Wonder Woman

I followed the most adorable little girl into Wonder Woman this weekend, and it filled my heart with glee. This mini-Carrie Bradshaw in a t-shirt and white tulle skirt, had her hair in a braid and some sparkly shoes on, and she was very worried she was going to miss the movie if her parents didn’t pick up the pace, like, right now. (I practically adopted her on the spot.) It warmed my heart because she was just as excited about seeing this strong female superhero, as she could’ve been over a Disney princess, or a Barbie movie, and while both of those brands have come a long way, it was still really exciting to see. The film was epic and empowering for me as an adult, so I can only imagine how cool it’ll be for an entire generation of girls to grow up with a woman warrior role model.

We never really talked about equality in my family, but it’s always been important to me. Even when I was too young to understand something like a wage gap, I still knew I wanted all the opportunities that a man could have. My earliest memory of this, movie-wise, was watching Young Guns II (sorry if I’ve told this story before, dear readers!)–the actor in me wanted to be riding horses with the boys, not showing up for a five-minute scene in a whorehouse. I didn’t really understand the inner workings of a whorehouse at that age, but I knew I wanted more screen time than that. It was simple: I wanted to marry Christian Slater, but also be one of the boys. (Side note: clearly I wasn’t the only one who felt this way, because a little movie called Bad Girls popped up a few years later. Should’ve been a win, except, wait for it…yep, they were prostitutes.)

While I used to go see everything and anything, happy to give my support to the film industry in general, lately I’ve been more selective about where my money’s going. It’s becoming more and more important to me to see female-driven films at the theater, whether that means actresses, directors, or (magically!) both, like Wonder Woman.

There is more to female strength than just the physical kind, but in celebration of Gal Gadot’s record-breaking weekend, and Charlize Theron’s upcoming Atomic Blonde, here’s a few of my favorite “bad-ass” females:

  • Lara Croft: Tomb Raider (2001) Angelina Jolie’s early career was full of strong, capable women, but this is still one of her best characters, in my opinion. (She also made me question my sexual orientation for a hot minute.) I’m curious to see what Alicia Vikander does in this role next year.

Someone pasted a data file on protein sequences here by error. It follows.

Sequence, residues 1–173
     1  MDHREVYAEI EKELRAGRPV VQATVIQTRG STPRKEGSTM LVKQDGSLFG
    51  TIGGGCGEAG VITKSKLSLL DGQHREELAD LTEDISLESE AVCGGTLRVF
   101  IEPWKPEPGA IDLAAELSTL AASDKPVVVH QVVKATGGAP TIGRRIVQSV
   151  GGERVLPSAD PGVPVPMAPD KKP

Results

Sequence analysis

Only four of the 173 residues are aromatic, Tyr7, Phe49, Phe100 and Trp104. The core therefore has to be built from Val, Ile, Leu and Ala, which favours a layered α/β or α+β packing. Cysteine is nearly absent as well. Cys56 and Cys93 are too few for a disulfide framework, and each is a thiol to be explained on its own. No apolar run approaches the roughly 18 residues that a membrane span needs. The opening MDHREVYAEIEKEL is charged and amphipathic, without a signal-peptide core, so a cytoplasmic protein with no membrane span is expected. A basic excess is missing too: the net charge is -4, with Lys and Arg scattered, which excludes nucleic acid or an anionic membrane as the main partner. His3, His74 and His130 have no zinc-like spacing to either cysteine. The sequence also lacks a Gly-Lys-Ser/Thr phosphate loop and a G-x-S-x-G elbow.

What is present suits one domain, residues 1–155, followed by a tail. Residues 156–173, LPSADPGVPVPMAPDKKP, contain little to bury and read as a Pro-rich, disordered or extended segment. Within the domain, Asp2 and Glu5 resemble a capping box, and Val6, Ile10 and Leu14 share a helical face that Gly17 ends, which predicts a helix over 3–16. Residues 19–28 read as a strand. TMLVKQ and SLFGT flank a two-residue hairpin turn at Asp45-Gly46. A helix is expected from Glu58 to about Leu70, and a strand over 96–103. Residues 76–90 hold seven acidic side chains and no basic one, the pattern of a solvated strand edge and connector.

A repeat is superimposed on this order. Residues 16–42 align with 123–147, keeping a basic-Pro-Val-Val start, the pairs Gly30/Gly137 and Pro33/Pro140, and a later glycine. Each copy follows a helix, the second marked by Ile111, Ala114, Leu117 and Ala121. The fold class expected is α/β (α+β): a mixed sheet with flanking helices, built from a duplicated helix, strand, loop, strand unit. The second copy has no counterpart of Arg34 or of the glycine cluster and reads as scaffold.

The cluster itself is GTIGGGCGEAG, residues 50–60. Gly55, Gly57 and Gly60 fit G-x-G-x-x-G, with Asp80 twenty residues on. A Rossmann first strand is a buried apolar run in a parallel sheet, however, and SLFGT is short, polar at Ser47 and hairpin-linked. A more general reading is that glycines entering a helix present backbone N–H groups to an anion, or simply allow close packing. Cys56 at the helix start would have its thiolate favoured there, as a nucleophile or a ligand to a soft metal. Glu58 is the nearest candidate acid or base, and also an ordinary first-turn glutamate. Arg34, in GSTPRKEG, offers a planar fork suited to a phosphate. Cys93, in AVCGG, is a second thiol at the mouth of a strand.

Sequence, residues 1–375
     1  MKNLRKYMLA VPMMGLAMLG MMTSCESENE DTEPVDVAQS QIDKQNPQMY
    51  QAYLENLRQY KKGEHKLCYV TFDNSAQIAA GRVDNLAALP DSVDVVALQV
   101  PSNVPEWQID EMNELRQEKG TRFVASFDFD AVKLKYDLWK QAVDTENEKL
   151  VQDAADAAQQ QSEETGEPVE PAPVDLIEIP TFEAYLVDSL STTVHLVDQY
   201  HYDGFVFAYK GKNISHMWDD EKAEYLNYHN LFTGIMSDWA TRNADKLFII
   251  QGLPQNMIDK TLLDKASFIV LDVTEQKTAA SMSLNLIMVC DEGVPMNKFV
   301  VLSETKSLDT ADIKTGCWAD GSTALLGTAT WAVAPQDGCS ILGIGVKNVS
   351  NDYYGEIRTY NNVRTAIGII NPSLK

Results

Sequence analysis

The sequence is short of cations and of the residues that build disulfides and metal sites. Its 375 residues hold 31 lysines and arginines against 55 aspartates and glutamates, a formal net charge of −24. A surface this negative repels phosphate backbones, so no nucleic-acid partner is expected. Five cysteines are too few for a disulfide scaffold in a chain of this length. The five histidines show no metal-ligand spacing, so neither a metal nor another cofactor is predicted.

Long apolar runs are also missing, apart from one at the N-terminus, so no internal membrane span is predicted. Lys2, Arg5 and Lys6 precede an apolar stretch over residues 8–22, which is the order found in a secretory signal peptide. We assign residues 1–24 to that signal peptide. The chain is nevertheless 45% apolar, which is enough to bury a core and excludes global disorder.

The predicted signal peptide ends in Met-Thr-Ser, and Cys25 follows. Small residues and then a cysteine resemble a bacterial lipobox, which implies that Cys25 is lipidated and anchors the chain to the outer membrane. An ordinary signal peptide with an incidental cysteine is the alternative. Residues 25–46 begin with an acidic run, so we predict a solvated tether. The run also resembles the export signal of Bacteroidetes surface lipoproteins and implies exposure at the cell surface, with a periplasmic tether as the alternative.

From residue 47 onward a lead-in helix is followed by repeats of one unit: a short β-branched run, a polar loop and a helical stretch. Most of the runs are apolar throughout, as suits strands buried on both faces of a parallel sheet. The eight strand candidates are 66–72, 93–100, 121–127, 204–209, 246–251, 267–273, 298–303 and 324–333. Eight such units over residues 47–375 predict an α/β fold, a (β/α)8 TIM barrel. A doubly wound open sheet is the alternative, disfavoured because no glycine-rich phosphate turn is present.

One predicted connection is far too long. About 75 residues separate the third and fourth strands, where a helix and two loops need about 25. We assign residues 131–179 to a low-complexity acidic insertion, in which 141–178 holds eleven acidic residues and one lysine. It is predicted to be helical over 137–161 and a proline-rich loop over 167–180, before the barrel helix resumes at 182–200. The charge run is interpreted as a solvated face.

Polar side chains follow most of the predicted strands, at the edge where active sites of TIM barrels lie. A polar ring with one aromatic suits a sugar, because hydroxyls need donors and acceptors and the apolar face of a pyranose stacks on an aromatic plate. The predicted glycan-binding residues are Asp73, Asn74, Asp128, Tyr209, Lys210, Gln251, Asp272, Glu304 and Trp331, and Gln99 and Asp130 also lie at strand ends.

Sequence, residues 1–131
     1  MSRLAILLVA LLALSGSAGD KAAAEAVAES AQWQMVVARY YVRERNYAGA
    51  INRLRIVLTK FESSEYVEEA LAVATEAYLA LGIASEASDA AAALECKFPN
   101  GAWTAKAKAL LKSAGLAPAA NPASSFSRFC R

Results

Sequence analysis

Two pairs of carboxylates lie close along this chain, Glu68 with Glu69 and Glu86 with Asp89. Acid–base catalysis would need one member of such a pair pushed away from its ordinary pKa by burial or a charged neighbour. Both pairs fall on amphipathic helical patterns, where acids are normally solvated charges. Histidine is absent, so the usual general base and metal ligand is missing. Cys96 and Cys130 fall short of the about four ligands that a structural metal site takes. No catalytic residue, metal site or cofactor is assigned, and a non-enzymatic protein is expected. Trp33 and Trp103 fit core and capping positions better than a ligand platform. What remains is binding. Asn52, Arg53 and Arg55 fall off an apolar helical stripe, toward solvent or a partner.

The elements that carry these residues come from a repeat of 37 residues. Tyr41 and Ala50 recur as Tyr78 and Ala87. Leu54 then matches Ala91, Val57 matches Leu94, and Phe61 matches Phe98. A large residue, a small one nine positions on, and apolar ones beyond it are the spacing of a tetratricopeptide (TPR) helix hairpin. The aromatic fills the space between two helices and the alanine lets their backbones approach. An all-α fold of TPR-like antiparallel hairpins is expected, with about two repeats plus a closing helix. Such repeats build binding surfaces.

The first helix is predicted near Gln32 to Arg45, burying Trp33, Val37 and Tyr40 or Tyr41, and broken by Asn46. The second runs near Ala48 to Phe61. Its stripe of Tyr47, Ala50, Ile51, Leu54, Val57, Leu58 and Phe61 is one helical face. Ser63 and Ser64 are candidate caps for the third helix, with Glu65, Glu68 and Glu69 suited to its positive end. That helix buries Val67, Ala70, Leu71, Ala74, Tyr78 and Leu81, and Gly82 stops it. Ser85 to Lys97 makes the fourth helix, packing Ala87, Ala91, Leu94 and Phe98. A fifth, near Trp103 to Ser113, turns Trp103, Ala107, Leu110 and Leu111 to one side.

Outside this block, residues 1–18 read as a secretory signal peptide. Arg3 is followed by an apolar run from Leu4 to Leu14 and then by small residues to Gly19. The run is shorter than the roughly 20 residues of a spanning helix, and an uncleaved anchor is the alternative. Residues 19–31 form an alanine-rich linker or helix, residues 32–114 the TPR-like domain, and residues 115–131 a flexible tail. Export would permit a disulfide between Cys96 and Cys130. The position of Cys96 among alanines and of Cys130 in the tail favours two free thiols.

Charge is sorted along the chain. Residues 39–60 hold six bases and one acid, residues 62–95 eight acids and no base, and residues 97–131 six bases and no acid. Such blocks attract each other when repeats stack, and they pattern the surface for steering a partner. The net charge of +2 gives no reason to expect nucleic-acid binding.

• Point of No Return (1993) This is based on Luc Besson’s La Femme Nikita, but I saw this version first as a kid, so it’s the one I love. It doesn’t completely hold up–the cinematography is very ’90s–but it made a huge impression on me on at the time, and I still break it out every few years for another look.
  • The Long Kiss Goodnight (1996) I get all the feels when Geena Davis’ top-secret agent turned suburban housewife finally comes up for air after being tortured–that look! Side note: this is also my favorite Samuel L. Jackson movie–his dialogue is bananas, in the best way.
  • Underworld (2003) Sure, she’s a vampire, but Kate Beckinsale held this genre down long before the tweens took over with Twilight, etc. I’ve never wanted a full-leather outfit so badly.
  • Alias (2001-2006) I’m not ashamed to admit that I used to download (lol, Napster!) the songs from the show for my #exercisegoals. It was all walking in the neighborhood until some early ’00s club song came on, and suddenly I was running (ok, jogging) and thinking up secret missions. It should also be noted that I went as Sydney Bristow for a Halloween party in college–my love for her was strong!
  • The Americans (2013 – ) I appreciate how unapologetically strong Keri Russell’s character is–she’s always an equal to her husband in skill, sometimes making tough choices that are typically left to the “macho” men in the spy genre. She’s ruthless, when her husband can’t always be–flipping the script on gender roles in an exciting way. She’s not always easy to like, but I love that we have a character like her.

Ladies, grab your Golden Lasso and go kick some ass.

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